rections'in two separate stretching operations as described
70 in Example I. The films were stretched .at 112° C. The
Five samples of substantially amorphous polyethylene
Preheat times were varied -from 30 seconds to 9 minutes.
satisfactorily deglossed oriented iilms were obtained when
terephthalate iilm 28 mils thick were stretched in a
preheat times of .5 to 4 minutes were employed. With a
stretcher similar to that described in Example I. Films
5 minute preheat, the stretch was non-uniform and some
were preheated ttor 3 minutes to ‘bring the temperature
to. 112° C; Theñlms were then simultaneously stretched 75 clear areas developed. The density of the iilm was found
EXAMPLES n to V1
3,088,173
.5
for 3 minutes and subjected to one of the following varied
to vary little up to 3 minutes preheat time but increased
sharply wlth longer heating periods. The optimum pre
stretching operations:
heat time, therefore, is about 3 minutes.
Example
Example
Example
Example
Example
EXAMPLE VIII
Samples of substantially amorphous polyethylene tere
phthalate iilm 28 mils thick were stretched in two stages
XI: 4X LD x 4X TD-no second stretch
MI: 4X LD x 4X TD--cooled--ZY LD only
XIII: 2X LD x 4X TD-no second stretch
55V: 2X LD x 4X 'ID-cooled-ZY LD only
XV: 3X LD x 3X TD-no second stretch
Example XVI: 3X LD x 3X TD-cooled-1.5Y LD x
to a total extent `of 4X -in both directions las described in
Example I. The iilm was vallowed to preheat at la selected 10
temperature for stretching for 3 minutes. The stretching
temperatures -were varied between 90 to 117° C. Both
stretching operations were carried out -at the same tempera
ture. The results of this operation `are shown graphically
1.5Y TD
where X and Y are -as deñned in Examples II to VI.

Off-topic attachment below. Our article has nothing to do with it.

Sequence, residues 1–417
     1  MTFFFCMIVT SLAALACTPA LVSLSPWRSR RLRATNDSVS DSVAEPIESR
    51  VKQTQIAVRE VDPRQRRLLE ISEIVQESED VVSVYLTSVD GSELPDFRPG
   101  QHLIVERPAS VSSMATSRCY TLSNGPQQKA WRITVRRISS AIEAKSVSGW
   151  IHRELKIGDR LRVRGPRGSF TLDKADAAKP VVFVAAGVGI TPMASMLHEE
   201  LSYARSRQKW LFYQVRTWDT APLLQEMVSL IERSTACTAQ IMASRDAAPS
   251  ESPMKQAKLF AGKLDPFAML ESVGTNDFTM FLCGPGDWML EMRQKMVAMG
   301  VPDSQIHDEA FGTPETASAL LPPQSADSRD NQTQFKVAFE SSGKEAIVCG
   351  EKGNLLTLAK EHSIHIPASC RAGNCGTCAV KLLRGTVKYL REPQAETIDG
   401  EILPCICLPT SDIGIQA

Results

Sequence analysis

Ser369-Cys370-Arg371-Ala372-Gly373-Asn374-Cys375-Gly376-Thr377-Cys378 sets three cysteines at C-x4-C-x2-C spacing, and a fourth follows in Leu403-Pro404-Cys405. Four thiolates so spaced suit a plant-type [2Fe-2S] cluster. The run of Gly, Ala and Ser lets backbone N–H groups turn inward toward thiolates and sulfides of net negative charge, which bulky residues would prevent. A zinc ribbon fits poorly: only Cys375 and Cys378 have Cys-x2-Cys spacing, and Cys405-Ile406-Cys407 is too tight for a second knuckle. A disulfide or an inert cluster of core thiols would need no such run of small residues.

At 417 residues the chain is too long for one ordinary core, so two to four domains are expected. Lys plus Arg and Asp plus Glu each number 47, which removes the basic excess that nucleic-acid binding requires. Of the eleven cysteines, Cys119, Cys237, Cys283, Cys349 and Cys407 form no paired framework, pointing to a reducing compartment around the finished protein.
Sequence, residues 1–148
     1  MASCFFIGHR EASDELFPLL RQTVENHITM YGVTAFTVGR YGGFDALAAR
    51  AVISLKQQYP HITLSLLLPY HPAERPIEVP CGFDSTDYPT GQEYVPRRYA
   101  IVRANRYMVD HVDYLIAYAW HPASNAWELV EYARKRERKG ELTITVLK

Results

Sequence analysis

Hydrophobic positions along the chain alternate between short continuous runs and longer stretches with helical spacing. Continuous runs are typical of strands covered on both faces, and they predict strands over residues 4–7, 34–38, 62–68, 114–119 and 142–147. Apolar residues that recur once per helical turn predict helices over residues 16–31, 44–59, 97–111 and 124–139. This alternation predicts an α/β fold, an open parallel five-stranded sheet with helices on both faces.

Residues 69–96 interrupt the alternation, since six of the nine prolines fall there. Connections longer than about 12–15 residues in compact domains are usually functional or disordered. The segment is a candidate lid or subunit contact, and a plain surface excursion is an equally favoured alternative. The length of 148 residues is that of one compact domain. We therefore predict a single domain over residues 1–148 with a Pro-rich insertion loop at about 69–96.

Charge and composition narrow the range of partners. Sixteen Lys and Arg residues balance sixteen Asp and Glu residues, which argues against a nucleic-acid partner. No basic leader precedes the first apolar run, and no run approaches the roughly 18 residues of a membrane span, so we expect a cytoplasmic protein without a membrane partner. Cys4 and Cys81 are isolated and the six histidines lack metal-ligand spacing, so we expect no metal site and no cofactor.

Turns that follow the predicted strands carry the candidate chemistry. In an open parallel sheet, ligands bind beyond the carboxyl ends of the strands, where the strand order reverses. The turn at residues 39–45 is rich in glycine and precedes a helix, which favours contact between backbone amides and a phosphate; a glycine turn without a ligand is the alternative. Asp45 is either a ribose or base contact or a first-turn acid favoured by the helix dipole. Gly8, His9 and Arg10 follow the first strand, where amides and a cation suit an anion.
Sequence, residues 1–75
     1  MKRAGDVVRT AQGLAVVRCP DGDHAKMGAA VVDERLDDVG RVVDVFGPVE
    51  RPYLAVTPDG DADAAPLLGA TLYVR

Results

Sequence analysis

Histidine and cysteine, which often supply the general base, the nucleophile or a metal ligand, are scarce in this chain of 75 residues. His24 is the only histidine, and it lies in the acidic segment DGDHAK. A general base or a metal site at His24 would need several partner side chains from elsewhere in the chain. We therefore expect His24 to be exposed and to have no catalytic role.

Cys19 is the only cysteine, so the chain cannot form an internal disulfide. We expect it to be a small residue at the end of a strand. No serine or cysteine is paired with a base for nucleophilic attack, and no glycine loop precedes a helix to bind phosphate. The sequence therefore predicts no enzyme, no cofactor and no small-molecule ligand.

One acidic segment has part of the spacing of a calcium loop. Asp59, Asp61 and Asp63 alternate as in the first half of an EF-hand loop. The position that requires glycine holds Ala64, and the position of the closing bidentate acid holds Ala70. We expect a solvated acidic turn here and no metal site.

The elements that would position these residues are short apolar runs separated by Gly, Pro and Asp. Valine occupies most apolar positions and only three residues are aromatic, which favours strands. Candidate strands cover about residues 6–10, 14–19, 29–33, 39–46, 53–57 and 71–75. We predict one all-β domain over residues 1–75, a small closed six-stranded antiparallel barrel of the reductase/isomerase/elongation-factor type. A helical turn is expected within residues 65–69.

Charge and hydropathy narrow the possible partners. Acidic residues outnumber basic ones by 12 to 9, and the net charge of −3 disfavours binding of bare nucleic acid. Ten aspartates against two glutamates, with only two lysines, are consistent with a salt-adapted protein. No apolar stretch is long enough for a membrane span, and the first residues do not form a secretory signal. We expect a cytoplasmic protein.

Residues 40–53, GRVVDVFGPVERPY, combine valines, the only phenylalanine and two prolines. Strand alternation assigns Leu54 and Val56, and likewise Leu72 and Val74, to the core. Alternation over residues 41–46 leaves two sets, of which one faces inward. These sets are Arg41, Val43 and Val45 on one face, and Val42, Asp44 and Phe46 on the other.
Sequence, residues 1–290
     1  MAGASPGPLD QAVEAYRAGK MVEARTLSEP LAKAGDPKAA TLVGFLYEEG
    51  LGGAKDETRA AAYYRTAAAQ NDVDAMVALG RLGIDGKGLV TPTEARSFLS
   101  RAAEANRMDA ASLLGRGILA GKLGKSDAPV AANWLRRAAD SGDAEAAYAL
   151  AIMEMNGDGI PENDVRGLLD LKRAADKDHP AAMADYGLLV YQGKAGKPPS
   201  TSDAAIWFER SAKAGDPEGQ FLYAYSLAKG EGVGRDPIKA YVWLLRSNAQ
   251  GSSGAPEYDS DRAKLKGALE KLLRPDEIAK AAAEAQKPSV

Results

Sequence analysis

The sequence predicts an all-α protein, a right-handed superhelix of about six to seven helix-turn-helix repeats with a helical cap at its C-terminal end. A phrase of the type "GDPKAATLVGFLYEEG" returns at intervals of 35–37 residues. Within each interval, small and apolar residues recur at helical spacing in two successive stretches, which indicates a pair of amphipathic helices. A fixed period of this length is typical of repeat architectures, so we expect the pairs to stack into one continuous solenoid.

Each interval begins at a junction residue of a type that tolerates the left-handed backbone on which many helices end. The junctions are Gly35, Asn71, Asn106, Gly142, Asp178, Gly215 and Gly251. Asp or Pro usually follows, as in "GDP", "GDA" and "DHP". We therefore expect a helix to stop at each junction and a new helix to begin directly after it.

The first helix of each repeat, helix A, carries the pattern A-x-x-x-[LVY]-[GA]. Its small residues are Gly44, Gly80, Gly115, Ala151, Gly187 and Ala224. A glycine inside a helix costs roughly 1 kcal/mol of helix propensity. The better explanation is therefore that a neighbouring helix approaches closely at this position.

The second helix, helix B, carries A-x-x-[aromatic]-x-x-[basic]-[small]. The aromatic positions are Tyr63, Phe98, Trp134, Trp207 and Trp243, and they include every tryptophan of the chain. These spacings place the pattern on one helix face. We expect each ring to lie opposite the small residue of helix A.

In Examples XI, XIII and XV the film was stretched
simultaneously in both the LD and TD at 112° C. to
Varying extents. No second stretching operation was
performed. In Examples XII and XIV the lilm was
in FIGURES 1 `and 2 of the drawing lattached hereto.
simultaneously stretched »in both the LD and TD at 112°
From FIGURE 1 it can be seen that stretching tempera
tures below 110° C. produced a uniformly stretched iilm
C. to varying extents, cooled, and then sequentially
which was not deglossed. Stretching temperatures in ex
stretched 2Y in the LD only. In Example XVI the ñlm
cess of 114° C. produced satisfactorily deglossed but non
was stretched twice in accordance with the dictates of
uniformly stretched films. FIGURE 2 illustrates the de 20 the present invention to an extent of 3X in both the LD
gree of gloss of the iilm samples as the temperature is in
land TD, cooled, and then stretched 1.5Y in both direc
creased from 90 to 117° C. As can be seen, the minimum
tions. Table B, listed below, lists the extent of stretch
gloss results at temperatures ranging between 110 to 117°
in the ñrst stretching operation, the extent of stretch in
the second Vstretching ‘operation where applicable, and
C. The preferred temperature range under the conditions
used is 112° C.-*_~l° C.
25
the gloss reading as measured by the Gardner 60° gloss
meter.
EXAMPLE IX
Table B
Substantially amorphous polyethylene terephthalate
Example
iilm 28 mils in thickness was stretched 4X in the LD only 30
at 112° C. The simultaneous stretching `apparatus of
clamps
Exampledisconnected.